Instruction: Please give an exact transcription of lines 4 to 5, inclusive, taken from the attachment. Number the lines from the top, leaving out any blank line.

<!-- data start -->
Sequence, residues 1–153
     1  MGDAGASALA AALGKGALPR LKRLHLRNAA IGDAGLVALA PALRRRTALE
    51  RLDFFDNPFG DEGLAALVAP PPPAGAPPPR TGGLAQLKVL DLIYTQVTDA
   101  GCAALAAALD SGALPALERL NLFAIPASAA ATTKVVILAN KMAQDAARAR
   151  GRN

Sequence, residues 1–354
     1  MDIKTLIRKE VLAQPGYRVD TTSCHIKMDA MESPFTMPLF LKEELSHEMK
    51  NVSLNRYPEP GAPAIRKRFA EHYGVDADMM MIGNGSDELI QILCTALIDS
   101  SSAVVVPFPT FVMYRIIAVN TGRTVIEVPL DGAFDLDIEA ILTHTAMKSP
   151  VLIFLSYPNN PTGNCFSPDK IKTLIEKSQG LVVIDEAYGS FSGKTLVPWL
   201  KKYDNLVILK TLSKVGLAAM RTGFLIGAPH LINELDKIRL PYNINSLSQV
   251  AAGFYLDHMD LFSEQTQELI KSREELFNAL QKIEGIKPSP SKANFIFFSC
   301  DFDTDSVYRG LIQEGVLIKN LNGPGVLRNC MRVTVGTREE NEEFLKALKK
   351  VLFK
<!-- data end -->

   101  GCAALAAALD SGALPALERL NLFAIPASAA ATTKVVILAN KMAQDAARAR
   151  GRN